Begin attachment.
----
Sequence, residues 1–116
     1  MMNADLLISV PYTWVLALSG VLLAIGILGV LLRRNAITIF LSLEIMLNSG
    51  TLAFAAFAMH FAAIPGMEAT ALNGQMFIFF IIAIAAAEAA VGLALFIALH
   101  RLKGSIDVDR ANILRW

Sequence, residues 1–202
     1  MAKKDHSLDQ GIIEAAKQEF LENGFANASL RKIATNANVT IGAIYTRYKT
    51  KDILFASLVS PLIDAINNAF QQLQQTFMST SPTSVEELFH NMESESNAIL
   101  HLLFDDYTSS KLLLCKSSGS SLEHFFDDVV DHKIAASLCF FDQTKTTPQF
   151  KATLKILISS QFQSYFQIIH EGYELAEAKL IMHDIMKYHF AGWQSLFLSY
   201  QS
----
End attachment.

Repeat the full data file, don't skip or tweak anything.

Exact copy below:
Sequence, residues 1–116
     1  MMNADLLISV PYTWVLALSG VLLAIGILGV LLRRNAITIF LSLEIMLNSG
    51  TLAFAAFAMH FAAIPGMEAT ALNGQMFIFF IIAIAAAEAA VGLALFIALH
   101  RLKGSIDVDR ANILRW

Sequence, residues 1–202
     1  MAKKDHSLDQ GIIEAAKQEF LENGFANASL RKIATNANVT IGAIYTRYKT
    51  KDILFASLVS PLIDAINNAF QQLQQTFMST SPTSVEELFH NMESESNAIL
   101  HLLFDDYTSS KLLLCKSSGS SLEHFFDDVV DHKIAASLCF FDQTKTTPQF
   151  KATLKILISS QFQSYFQIIH EGYELAEAKL IMHDIMKYHF AGWQSLFLSY
   201  QS